Community

Shirley Koller next to  Seurat’s masterpiece. /Irina MissiuroShirley Koller next to Seurat’s masterpiece. /Irina MissiuroShirley Koller – artist, curator, educator – is at a point in her life when she no longer has to do something she doesn’t like. And, having lived a full life, she knows what appeals to her and what does not. Among her dislikes are: dry chicken, gossip, cliques and artificial flowers. The latter are a particular bane of her existence. As we settle down on a comfortable couch inside one of Laurelmead’s gorgeous rooms with Victorian dimensions, she points to one of the two vases on nearby end tables, “These were everywhere!”

Koller is referring to the time when she entered the senior retirement community 2 1/2 years ago. Since then, she’s volunteered to transform the room we are sitting in, and some others, with artworks she considers to be more fitting for the space. Koller dispensed with the still lifes and the bouquets and hung some reproductions of well-known masterpieces that feature people enjoying life.

Sarah Brody and Sandy Cotton at The Phyllis Siperstein Tamarisk Assisted Living Residence.Sarah Brody and Sandy Cotton at The Phyllis Siperstein Tamarisk Assisted Living Residence.Some may consider this story a very small flash in the realm of time. Others may consider it destiny or bashert, as it is referred to in Yiddish. It is about a small moment of fate – an encounter that took six decades to occur. This is a true story that allows one to believe that the world we live in is, indeed, very small.

On June 6, 1944, Canadian, British and American soldiers landed on the beaches of Normandy. Under the code name Operation Overlord, more than 150,000 troops stormed the coast to take back Western Europe from Nazi control. Many casualties ensued. Because of the heroism of the soldiers, physicians and nurses, this battle marked the beginning of the end of World War II.  Two of these heroes, Sarah Brody and Sandy Cotton, now live at The Phyllis Siperstein Tamarisk Assisted Living Residence in Warwick. And as proof of what a small world it is, the former nurse and soldier first met during the Normandy invasion before reconnecting many years later at Tamarisk.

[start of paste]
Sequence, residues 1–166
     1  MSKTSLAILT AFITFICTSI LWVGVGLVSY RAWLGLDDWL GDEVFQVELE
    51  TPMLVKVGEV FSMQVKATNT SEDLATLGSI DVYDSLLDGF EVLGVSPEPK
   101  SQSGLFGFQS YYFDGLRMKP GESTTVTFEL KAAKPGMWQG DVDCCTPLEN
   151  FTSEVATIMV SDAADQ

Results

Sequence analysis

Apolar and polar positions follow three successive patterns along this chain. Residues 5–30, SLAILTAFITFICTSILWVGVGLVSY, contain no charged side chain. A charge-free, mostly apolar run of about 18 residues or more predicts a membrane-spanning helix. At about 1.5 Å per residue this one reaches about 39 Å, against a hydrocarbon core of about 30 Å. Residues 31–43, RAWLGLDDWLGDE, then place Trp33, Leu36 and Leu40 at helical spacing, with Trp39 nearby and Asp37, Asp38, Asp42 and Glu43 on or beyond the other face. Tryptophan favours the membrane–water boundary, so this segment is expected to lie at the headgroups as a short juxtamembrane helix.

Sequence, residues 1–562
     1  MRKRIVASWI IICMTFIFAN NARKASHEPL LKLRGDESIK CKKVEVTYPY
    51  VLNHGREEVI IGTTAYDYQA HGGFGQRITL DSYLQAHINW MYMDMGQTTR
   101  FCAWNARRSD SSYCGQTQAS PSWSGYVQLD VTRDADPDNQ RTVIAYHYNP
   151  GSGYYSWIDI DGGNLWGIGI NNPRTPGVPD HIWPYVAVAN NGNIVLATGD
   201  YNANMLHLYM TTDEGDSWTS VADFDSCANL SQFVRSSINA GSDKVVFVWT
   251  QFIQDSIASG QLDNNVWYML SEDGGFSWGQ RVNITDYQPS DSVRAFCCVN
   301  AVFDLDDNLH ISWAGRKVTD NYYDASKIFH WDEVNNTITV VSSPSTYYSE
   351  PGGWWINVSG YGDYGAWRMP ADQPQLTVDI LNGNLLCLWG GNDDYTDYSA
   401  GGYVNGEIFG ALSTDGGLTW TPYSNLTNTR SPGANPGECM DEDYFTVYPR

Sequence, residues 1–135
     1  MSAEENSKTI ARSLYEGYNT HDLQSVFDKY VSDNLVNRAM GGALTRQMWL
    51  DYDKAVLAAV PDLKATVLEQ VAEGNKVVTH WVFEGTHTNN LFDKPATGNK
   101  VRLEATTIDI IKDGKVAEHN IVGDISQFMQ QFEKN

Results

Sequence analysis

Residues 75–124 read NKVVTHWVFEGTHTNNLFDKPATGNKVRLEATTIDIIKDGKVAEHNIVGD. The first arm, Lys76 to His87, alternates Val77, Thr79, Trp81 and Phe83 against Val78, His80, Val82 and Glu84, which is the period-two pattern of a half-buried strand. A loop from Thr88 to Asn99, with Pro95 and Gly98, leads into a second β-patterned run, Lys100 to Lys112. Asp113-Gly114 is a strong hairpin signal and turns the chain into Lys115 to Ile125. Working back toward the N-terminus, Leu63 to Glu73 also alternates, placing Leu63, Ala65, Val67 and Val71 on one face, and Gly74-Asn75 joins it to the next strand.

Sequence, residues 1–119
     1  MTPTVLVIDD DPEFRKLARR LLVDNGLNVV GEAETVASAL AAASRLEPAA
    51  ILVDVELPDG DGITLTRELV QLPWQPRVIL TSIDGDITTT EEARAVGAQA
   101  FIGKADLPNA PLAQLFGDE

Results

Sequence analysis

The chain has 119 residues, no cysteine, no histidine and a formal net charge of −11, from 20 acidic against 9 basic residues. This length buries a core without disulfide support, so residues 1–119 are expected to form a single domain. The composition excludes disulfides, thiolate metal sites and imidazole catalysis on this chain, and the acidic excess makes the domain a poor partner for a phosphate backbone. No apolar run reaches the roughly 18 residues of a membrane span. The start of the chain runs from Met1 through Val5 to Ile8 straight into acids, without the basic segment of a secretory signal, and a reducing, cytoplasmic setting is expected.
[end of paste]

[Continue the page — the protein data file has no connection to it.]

Phyllis Arffa at work. /Elissa ArffaPhyllis Arffa at work. /Elissa ArffaHere’s what Elissa Arffa wrote:

“My hero is my daughter Phyllis Arffa. She works very hard running and cooking at BLAZE, a Hope street restaurant on the East Side of Providence. She learned about hard work and giving to others while she spent her junior year of high school at an agricultural school in Israel.

“She gives to the community in many ways. This is the fourth year she has provided 100 Thanksgiving meals to homebound elderly through the Mt. Hope Neighborhood Association. She also donates her time and food to many other community organizations such as: AIDS Care of RI, Southside Community Land Trust and various woman’s groups such as those that help women who have been trafficked for sex or slavery.

Memoir group participants Morton Paige and Lillian Siegel. /Karen FerrantiMemoir group participants Morton Paige and Lillian Siegel. /Karen FerrantiIn a new memoir writing group, residents at EPOCH on the East Side are recalling faded memories to write prose under the guidance of Rita Watson, a PsychologyToday.com and Providence Journal columnist. In April she joined EPOCH on the East Side as a part-time receptionist, after cutting back on academic work to begin writing books. Watson, who has a master’s degree in public health, previously served as education and policy director at Yale and later for a group with the Harvard Consortium of teaching hospitals.

Initially, many of the residents and staff didn’t realize Watson was a professional writer, but when they started seeing her name in the paper, they put two and two together. Watson had been writing memoirs about her grandparents for The Journal; EPOCH’s Life Enrichment Director Karen Ferranti asked, “Will you do something like this for us? We would love it.”

Watson happily agreed, excited to help residents write memoirs so they could pass them down to their children and grandchildren. Since it first began earlier this summer, the memoir group has been well received by the residents. One of the first participants was Sylvia Denhoff who continues to attend memoir group meetings.

Cranston – The Senior Real Estate Solutions Good Deeds Program is seeking applications from eligible seniors in need of home repair or maintenance. 

The Good Deeds Program was developed by Bruce Lane, a local Realtor with Williams and Stuart Real Estate in Cranston and founder of Senior Real Estate Solutions.  Noting that some seniors could not afford the services needed for proper maintenance of their homes, Lane established a grant for seniors with limited financial means through Senior Real Estate Solutions, a free referral source for seniors looking for home maintenance and repair professionals.